In this week’s Unearthed Arcana, we see a shift from character options to another look at mass combat rules for DMs, based on previous survey feedback. The last time we saw mass combat was back in March 2015. We also get a request to complete and a survey for the Wizard and Warlock options.

The week on the Campaign Trail, I wanted to take a quick look at this PDF and talk about my experience with mass combat in 5e.

A Quick Look at the Mass Combat PDF

This is what you’ll find in the 5 page PDF.

  • Battle Rating – uses CR to calculate the BR value of each creature in a unit ranging from 1 to 50
  • Creating Units – rules for creating units that fight together as a cohesive group to determine its size, BR Total and more
  • Morale Rating – used for making checks to see if a unit is mutinous or acting as an unbreakable force led by a strong commander
  • Running Battles – combat rules, similar to those found in the PHB – but for units rather than individual creatures.
  • Characters in Mass Combat – what options are available to PCs and key NPCs?
    • Character-Scale Combat
    • Characters in Units
    • Critical Events

Download the Mass Combat Rules

Running Mass Combats

Last year for my current campaign, I ran a mass combat with the Iron Circle trying to take over the Nentir Vale‘s Harkenwold based on 4e’s Reavers of Harkenwold adventure. There were dwarves, rebels, treants and the level 4 PCs on one side against a large ragtag group of invading mercenaries. I had every intention of using the last version of these mass combat rules to run the battle. Based on feedback from a couple of the players before the session, I ended up going with narrative combat, more in the style of a skill challenge with combat skirmishes thrown in over a large spread out battle. My players we not interested in commanding units and preferred to run around and take care of hot spots on their own. I focused the battle on a bridge that they needed to hold. When the players were successful the morale of their side went up and their position on the overall map advanced and the opposite when things went against them. The battle went well for the good guys, partly due to the players completing 3 of the 4 conditions to make the battle easier. Without these conditions being met they would not have had the dwarves, treants or late arriving elves as allies.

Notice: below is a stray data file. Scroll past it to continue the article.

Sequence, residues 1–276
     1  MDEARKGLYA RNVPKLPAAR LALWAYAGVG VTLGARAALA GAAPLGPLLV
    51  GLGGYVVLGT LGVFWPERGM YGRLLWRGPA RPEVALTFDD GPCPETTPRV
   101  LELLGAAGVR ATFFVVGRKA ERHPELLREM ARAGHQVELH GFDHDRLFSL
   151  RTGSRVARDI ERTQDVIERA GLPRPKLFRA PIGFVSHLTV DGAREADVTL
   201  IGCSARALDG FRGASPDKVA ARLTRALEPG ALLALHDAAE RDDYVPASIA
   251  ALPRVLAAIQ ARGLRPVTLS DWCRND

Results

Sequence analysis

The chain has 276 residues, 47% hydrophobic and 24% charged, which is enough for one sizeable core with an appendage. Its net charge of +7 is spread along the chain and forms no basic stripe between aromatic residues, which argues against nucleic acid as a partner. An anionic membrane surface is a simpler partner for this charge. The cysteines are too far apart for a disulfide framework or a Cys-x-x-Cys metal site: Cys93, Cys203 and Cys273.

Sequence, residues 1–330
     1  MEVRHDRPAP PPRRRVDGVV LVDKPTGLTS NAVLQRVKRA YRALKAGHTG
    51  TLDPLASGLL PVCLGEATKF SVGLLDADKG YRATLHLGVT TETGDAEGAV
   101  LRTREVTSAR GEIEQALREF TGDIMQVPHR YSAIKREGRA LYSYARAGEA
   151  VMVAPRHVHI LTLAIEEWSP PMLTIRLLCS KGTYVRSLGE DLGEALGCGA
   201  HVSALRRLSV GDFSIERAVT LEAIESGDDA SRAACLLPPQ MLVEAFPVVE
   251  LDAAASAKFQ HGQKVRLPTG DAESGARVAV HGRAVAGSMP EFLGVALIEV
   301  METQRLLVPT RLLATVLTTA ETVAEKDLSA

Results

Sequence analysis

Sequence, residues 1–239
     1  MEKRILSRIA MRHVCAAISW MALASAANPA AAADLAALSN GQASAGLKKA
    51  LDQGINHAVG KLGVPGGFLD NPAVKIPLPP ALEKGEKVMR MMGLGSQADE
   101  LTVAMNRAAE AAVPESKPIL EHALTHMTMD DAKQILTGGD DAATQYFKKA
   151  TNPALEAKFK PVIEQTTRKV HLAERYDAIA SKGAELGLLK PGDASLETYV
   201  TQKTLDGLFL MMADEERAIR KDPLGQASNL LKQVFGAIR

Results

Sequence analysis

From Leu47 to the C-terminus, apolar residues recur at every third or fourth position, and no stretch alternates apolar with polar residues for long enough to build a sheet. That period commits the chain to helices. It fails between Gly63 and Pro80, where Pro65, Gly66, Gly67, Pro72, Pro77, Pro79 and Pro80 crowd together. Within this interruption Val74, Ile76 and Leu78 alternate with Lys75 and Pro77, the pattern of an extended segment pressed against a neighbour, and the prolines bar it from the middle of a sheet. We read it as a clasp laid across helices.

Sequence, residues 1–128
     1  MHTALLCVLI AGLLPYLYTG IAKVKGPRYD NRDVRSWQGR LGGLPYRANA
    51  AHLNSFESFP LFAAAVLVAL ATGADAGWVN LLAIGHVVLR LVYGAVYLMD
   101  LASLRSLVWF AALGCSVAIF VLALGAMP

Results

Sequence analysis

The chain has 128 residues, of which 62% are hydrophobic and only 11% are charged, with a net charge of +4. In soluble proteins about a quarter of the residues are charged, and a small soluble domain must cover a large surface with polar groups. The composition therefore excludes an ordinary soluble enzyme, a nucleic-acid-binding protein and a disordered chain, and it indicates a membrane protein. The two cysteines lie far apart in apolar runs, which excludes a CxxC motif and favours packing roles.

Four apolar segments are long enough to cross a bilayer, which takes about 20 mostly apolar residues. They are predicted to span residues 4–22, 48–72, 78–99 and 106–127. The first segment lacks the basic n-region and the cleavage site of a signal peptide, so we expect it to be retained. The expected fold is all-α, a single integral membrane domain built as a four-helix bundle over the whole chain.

The last version of the mass combat rules was more of a full battle system, focused on players joining units as commanders. After a survey and almost 2 years to sit on these rules, we get a better version (but still not ready) which appears (with my quick look) to be faster, less complicated and more dramatic (for a full detailed breakdown, read Brandes’ post on this UA Release).

In this latest version of the rules, commanding a unit is just one thing a PC can do in the big battle and this is an improvement. I think their update on how to handle morale works well and is great way to track how things are going overall for units. The updated rules have added Critical Events, which are closer to what the players in my group would want to do during a mass combat and give PCs who just are commander material something to do, such as sneaking around. I would have liked to see them keep the Victory Points from the previous version, which worked really well for my mass combat with objectives being worth something towards a victory score. You could even set out tasks leading up to the battle making the mass combat harder or easier, like I did, which could lower the total victory points needed to get a win.

When most DMs dream of running mass combat, they want to run something like the Battle of Helm’s Deep, where heroes are running around doing key things while the masses fight each other. I think these rules give DMs some tools and ideas to run a great mass combat, but think about what will work for your group. I recommend trying out a mass combat at least once if you can.


Warlock and Wizard Survey

Now that you’ve had a chance to read and ponder the warlock and wizard options from a few weeks ago, we’re ready for you to give us your feedback about them.

Complete the Survey